From Skinny Horse to Healthy Horse

May 25, 2020


Restoring the health of a neglected or starved horse is definitely a labor of love. There’s no quick fix — you’ve got to introduce feed slowly to allow the microbial populations in the gut an opportunity to rebuild — so, you need both patience and a plan.
 
We’ll let you work on the patience, but here are some suggestions for an effective nutritional plan:
 
Start with forage
  • Begin by feeding small, frequent meals of good, quality grass or alfalfa hay.  Leafy alfalfa is ideal.  A forage analysis is a useful tool to assess forage quality.  At a minimum, the hay should be free of mold, dust, and weeds. 
  • Offer the hay at a rate of 1 percent of body weight per day (approximately 10 pounds per day for a 1000-pound horse), dividing the total amount over four to five small meals each day. Gradually increase the amount of hay provided so that the horse has unlimited access to hay by two weeks of feeding. 
What about feeding a grain or concentrate?
  • At three weeks, you can begin to gradually introduce a grain mix into the diet.  Start by feeding one to two pounds per day for two to four days.  Gradually increase the amount of grain mix fed by one pound every other day until a total of 1 percent of body weight is being fed (10 pounds per day for a 1000-pound horse).  The grain mix should be divided into at least two to three (ideally, four to five) small meals throughout the day. 
What type of grain or concentrate should I use?

 Senior feed (Co-op Winner’s Cup Golden Years 1300 [#323]) works well because it contains higher levels of soluble fiber and fat and controlled levels of starch.  Excess starch can cause digestive upset in recovering horses.  Senior feeds are also more highly digestible and easily chewed by horses with dental challenges. 
  • A pelleted feed like Co-op’s Winner’s Cup Advantage 1400 [#321] also works well because of its higher level of protein (14 percent) and increased digestibility.
Don’t forget…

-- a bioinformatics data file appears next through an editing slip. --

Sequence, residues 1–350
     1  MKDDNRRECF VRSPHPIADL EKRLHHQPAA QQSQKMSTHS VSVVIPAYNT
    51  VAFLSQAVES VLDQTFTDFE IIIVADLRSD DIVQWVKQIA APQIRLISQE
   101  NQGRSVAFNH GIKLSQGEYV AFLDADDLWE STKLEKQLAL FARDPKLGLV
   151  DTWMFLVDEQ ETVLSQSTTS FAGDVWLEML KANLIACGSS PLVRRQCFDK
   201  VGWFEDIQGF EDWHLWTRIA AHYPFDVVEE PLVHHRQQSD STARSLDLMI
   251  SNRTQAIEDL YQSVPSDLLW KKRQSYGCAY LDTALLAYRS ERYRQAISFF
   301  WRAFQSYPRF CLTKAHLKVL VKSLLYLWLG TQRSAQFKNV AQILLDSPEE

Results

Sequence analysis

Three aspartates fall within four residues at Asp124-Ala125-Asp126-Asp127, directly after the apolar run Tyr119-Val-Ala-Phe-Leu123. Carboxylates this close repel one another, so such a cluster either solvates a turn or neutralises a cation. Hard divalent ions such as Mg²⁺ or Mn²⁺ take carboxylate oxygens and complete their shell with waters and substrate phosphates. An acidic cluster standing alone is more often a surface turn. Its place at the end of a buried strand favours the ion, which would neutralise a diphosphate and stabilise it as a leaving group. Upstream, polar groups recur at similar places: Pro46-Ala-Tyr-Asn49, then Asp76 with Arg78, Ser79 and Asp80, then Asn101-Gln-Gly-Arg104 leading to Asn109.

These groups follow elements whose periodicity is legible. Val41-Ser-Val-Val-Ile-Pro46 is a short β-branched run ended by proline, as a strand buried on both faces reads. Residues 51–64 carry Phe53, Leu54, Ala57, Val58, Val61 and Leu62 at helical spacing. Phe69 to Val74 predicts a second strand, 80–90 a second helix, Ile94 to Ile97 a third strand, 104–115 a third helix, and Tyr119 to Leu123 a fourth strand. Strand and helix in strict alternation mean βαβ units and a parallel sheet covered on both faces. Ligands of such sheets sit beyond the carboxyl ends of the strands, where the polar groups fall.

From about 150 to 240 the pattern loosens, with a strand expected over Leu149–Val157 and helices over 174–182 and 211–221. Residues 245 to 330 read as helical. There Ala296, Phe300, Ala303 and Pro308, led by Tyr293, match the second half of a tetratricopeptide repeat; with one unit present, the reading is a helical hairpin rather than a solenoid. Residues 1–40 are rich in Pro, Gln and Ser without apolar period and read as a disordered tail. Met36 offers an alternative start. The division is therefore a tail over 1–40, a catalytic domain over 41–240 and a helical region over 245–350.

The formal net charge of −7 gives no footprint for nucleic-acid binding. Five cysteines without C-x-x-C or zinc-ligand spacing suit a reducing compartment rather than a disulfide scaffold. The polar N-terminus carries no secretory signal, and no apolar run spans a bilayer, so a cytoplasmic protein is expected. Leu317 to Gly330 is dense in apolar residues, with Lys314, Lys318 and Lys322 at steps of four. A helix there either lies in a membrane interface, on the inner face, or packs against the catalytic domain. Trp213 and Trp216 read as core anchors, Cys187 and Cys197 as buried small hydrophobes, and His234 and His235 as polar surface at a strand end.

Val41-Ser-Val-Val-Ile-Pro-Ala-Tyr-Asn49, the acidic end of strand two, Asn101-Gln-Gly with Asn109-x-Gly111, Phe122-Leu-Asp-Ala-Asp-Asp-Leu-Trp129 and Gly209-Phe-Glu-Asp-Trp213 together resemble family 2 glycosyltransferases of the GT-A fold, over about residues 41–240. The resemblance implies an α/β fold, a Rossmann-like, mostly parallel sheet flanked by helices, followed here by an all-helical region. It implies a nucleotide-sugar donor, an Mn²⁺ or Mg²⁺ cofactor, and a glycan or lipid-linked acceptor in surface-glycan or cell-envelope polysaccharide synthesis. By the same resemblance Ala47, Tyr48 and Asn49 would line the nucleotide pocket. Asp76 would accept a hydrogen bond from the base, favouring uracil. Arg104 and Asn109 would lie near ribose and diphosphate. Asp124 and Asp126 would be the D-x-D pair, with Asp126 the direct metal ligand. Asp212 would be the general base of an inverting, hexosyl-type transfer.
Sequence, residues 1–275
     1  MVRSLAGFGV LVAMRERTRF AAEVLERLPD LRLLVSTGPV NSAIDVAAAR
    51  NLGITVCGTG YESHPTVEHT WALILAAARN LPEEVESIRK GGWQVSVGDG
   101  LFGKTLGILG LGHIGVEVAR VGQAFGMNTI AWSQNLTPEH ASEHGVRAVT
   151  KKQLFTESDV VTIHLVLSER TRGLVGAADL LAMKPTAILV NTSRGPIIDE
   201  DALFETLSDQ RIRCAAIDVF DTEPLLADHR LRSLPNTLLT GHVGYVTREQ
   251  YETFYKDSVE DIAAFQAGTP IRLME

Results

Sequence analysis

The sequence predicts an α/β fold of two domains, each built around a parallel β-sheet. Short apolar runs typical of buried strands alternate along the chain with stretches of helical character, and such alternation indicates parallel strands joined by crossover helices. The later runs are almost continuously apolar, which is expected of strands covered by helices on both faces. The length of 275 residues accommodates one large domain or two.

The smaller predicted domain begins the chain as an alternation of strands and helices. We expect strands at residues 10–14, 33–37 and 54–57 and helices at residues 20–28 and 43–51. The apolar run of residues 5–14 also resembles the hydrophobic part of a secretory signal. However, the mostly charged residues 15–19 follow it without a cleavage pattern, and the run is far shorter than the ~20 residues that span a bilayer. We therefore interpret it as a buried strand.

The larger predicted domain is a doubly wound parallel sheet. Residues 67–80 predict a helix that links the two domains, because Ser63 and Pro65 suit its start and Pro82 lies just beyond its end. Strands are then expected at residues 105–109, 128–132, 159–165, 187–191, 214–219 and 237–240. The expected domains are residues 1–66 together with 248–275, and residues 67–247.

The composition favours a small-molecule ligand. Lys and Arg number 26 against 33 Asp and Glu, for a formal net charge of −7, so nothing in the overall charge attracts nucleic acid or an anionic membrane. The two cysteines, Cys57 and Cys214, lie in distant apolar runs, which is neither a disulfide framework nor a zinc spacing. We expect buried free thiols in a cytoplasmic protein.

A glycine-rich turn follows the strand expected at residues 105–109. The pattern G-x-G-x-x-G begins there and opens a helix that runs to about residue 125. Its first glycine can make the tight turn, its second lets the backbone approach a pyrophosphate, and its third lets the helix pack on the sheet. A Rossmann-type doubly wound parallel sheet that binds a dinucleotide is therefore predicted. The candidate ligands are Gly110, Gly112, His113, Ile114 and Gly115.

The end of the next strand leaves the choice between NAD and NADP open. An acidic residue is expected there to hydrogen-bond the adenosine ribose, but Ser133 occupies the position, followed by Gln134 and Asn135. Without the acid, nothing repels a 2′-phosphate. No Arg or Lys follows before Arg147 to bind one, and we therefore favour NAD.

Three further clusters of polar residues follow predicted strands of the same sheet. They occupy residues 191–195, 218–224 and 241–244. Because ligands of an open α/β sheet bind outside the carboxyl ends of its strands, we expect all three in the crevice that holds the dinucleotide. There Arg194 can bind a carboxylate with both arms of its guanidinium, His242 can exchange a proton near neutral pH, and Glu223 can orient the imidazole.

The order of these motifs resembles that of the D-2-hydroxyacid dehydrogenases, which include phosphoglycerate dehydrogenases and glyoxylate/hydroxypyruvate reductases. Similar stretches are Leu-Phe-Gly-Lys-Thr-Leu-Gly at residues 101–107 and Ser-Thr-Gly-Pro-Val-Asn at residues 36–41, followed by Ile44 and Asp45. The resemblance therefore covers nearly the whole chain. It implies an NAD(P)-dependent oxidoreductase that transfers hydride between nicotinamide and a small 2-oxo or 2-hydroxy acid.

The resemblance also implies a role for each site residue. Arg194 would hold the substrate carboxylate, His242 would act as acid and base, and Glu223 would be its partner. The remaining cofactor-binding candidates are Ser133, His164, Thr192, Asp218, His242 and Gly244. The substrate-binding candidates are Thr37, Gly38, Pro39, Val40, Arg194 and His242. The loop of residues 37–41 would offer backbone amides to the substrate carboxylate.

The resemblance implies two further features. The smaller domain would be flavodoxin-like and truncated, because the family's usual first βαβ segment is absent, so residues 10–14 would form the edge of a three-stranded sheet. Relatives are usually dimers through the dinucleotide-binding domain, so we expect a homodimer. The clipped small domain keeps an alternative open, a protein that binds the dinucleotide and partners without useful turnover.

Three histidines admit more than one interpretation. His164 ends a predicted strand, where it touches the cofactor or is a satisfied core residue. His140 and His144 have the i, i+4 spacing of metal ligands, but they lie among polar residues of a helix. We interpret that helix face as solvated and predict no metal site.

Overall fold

• Fresh clean water should be available at all times.  Also, plain white salt should be offered at one to two ounces per day and gradually increased to free-choice access by two weeks of feeding. 
How long will it take to see a difference?
  • In about two weeks, you can expect to start seeing increased levels of alertness and activity.
  • In about four weeks, you should begin to see increases in weight gain.
  • Full recovery may take up to six months.
  • The lower the horse’s body condition, the longer it will take to recover.
  • Quality of feedstuffs plays an important role in how quickly a horse recovers.
  • Minimizing stress facilitates the recovery process.  If the horse is comfortable being separated from other horses, this will allow you to better monitor intake.  However, if the horse does not like to be alone, find a single buddy for company. Hold off introducing into the herd until after the starved horse has regained a sufficient amount of weight for defense and protection. 
Challenges…
  • If brought back to feed too quickly, there is an increased risk of colic, laminitis, diarrhea, and other metabolic disturbances.
  • A condition called refeeding syndrome can occur if the horse is fed too many calories too quickly.  This can lead to heart, kidney, or respiratory failure and is caused by the sudden introduction of high levels of carbohydrates and nutrients in the diet. 
 
For more information on equine nutrition visit your local Co-op!
 

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